Fitness on Fleek 2

Local athletes give us a glimpse into their athletic lives

B eing an athlete calls for physical fitness—strength in our limbs, in our core, in our breathing, in our bellies, and without question, in our dedication. It’s no wonder that our local athletes have these qualities, and use them to not only fuel their passion but to maintain a healthy lifestyle, too. 

Two Missoulians—Tyler Turco, champion saddle bronc rider, and Carrie Moe, runner and weight trainer—have taken their fitness to new heights. For Tyler, it’s the whiplash motion of an eight-second ride, four hooves leaping and bounding with a rowdy rodeo crowd as the backdrop. For Carrie, mother of two boys, being an athlete means keeping up with her sons in whatever sport or game they choose. It’s also meant pushing herself past comfort zones and running toward new milestones.

No matter what challenges and successes lie before them, determination and dedication don’t come and go with the season. It’s all heart, every day. 

 

Tyler Turco, Saddle Bronc Rider

Age: 21

Give us the grub. What’s a good snapshot of your daily nutrition?

A lot of meat, usually wild game or beef, which provides me with a lot of protein. 

How do you exercise? What’s the most important part of your workouts?

I go to the gym, run, and ride horses. The most important part of my workouts is keeping my body and muscles in good shape. They go through a lot of stress when I compete so keeping my body in shape reduces the chance of serious injury. 

What’s your goal as an athlete?

My short term goal is always my next ride. I like to compete to my best ability and ride each horse aggressively, one ride at a time. My long term goal is to win the Permit Finals, Big Sky Region, College Finals, and making it to the National Finals Rodeo in Las Vegas. 

What’s the hardest part of being a saddle bronc rider?

Staying healthy and riding consistently. 

Biggest sacrifice you’ve made as an athlete?

Being on the road. It takes me away from friends and family. Money, too. In rodeo, you have to pay to play. There are entry fees for every rodeo I compete in so when I compete I’m basically betting on myself to win. 

In the kitchen, what’s your guilty pleasure?

Eggnog! 

What would someone be surprised to learn about you?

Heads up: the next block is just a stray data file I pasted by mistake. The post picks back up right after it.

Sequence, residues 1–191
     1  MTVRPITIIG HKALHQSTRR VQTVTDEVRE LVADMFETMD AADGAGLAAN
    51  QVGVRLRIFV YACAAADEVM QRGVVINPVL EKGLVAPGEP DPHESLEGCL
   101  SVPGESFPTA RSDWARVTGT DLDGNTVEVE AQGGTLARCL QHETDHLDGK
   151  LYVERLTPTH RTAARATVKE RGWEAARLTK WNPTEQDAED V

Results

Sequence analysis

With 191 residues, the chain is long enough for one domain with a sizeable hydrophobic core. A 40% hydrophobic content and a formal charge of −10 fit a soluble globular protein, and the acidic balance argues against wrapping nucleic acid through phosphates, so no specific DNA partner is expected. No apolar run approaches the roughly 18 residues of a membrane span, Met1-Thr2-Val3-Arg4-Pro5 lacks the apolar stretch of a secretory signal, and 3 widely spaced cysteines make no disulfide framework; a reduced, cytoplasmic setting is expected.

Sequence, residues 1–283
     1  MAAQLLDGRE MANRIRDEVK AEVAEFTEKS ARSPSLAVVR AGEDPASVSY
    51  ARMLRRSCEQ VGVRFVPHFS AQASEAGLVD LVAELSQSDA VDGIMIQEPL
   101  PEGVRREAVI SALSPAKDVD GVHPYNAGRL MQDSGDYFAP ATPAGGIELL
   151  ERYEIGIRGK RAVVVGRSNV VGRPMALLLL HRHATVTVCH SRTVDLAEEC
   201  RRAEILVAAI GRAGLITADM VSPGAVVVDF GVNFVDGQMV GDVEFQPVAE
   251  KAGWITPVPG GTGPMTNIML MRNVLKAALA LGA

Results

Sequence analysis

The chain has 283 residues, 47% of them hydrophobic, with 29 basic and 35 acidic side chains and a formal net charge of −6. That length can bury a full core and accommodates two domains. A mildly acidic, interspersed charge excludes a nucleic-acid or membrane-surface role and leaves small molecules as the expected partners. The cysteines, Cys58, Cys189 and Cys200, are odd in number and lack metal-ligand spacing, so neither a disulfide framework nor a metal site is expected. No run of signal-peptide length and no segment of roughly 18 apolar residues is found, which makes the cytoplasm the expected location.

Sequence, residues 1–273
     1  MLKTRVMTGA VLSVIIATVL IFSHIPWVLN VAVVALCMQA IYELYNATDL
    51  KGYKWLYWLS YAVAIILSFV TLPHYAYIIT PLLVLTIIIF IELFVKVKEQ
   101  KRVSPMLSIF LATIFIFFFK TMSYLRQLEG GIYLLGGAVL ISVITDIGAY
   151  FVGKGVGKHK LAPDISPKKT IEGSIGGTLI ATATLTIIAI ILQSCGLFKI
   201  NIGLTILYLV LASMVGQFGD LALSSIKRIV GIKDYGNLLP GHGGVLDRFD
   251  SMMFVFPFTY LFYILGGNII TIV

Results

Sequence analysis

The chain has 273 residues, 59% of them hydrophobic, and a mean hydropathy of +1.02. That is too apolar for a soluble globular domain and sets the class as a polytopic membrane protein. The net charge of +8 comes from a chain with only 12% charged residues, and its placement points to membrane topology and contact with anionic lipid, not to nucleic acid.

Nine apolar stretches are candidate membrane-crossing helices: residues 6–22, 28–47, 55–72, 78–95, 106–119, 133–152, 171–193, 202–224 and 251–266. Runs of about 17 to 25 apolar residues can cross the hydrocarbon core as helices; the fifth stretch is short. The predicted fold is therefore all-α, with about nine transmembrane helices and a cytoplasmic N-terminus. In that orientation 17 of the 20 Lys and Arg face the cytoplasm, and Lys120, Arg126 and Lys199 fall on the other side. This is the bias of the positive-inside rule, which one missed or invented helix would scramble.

I hunt and fish when I’m on the road away from home. I’m also single. 

Biggest accomplishment?

Winning the Mountain States Circuit Finals, which qualified me to ride in the Ram National Circuit Finals in Florida, and being the top college saddle bronc rider in the nation.

Carrie Moe, Runner & Weight Trainer 

Age: 47

Give us the grub. What’s a good snapshot of your daily nutrition?

I literally eat 6-8 times per day, clean and lean. Every day, I have a protein shake, greek yogurt, a chicken and vegetable bowl, rice cakes with peanut butter and jelly. I don’t restrict myself from anything, except alcohol. I cook as much from scratch as possible, using organic produce and meat, and I stay away from preservatives and GMOs. 


How do you exercise? What’s the most important part of your workouts?

I run and weight train five days a week, spin twice, swim once, and I try to get to yoga or barre once a week, too. The most important part of my workouts are strength training and core work. As a runner, movement is front to back. I work hard to strengthen all of the helper muscles that support my side-to-side movement and keep my core engaged in order to keep injury at bay.
 

What’s your goal as an athlete?

Being the best version of myself, continuing to put my toe on the start line, and stepping outside of my comfort zone to see what I’m capable of. I want to be a part of whatever adventure my kids come up with. Skiing, boogie boarding, hiking, swimming, biking, cliff jumping, whatever it is, I’m in! 


What’s the hardest part of your job as a mother and your being an athlete?

Finding balance. Both of my boys swim with the YMCA swim team, which means 7-9 practices a week. With all four people in my house working out at least once a day, you wouldn’t believe the laundry and cooking I do!

Biggest sacrifice you’ve given as an athlete?

Time. Looking back, the biggest sacrifice that I have made was missing a Halloween with my boys so that I could run the New York Marathon. 

In the kitchen, what’s your guilty pleasure?

My mom’s huckleberry pie, buttercream icing, and frosted shortbread cookies. 

What would someone be surprised to know about you?

I didn’t run a single race until after my first son was born. My husband and I moved to Missoula when I was 7 months pregnant and I joined the YMCA the next day. It is the running community and support that the Y has given me that encouraged me to start running.
 

Biggest accomplishment?

My marriage of almost 18 years to my husband, Shawn. He is my best friend, greatest supporter, and the love of my life. Also, raising our boys and running my first marathon with a time fast enough to qualify me to start in the sub-elite heat at the Boston Marathon.